First, the hard part is just beginning. Law schools, unlike medical schools or some undergraduate institutions, don't have classes specifically designed to weed out the weaker candidates. The most demanding classes, however, tend to fall in the first year when you take the core curriculum requisites mandated by the ABA. Courses such as Contracts, Torts, Constitutional Law, Criminal Procedure, Property Law, Civil Procedure and Legal Writing lay the necessary groundwork for a career in law and the rest of law school, but they're also the hardest courses you'll take. All the concepts of law are spelled out in these classes; everything else flows from this knowledge base. In many ways, these first few courses are the most important courses you'll take in law school, and will be the ones you reference most as a practicing attorney.
After the first year and a half, you can take more specialized courses such as Tax, Intellectual Property, or Environmental Law. Most schools offer legal clinics such as Bar Review or Moot Court. Some schools place special emphasis on different areas, such as trial practice, independent study or clinical experience. Occasionally, you can find a program that offers a joint degree, such as an MBA/JD (Master of Business Administration combined with a Law degree). Once you get past the first year or so, you can start getting into the areas of law that interest you most. You need 90 credits to graduate, and most classes are worth 3-4 credits. The nature of the classes varies from institution to institution, and even professor to professor. Some classes will be more structured than others, some will require more research and writing, some will have only one test at the end of the semester. All classes will test your time management skills, your capacity for organized and analytical thought and your knowledge of the material presented. They will all be demanding in some fashion.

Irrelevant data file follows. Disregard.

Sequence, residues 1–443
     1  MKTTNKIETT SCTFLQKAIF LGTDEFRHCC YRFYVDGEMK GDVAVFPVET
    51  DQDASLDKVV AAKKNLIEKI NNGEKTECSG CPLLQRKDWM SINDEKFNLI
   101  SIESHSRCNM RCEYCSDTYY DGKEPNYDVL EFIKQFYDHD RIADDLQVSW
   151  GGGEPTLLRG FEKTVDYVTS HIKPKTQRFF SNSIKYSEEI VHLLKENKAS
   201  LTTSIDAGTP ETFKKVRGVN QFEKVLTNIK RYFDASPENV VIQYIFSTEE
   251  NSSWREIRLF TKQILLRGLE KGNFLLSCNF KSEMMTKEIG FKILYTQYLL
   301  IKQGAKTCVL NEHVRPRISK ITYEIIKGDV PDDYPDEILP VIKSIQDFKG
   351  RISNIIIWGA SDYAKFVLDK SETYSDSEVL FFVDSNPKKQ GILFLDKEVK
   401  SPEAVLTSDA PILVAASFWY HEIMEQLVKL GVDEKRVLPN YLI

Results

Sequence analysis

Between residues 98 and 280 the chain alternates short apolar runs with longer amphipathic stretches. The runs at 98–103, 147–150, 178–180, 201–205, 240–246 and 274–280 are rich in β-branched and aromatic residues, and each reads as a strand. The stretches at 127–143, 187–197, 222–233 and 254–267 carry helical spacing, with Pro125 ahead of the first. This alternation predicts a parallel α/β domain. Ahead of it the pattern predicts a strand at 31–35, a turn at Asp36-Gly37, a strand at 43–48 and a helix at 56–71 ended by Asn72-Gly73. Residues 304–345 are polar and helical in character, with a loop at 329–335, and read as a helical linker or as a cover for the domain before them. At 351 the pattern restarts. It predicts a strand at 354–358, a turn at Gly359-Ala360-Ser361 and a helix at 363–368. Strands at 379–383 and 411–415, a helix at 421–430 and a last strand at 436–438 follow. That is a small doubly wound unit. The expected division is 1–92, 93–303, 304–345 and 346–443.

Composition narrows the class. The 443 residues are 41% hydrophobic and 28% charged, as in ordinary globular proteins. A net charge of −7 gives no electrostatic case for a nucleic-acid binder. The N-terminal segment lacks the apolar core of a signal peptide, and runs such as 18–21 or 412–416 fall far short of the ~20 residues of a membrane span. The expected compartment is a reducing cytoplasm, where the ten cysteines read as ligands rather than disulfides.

Upon graduating from law school, you will have a Juris Doctor (JD) law degree conferred upon you. This, while being a great achievement in and of itself, does not a lawyer make. The law is a profession like any other, and, as a professional, you must be licensed. This is where the Bar Exam comes in -- and if you thought the LSAT was tough, this is tougher. We'll learn about the Bar on the next page.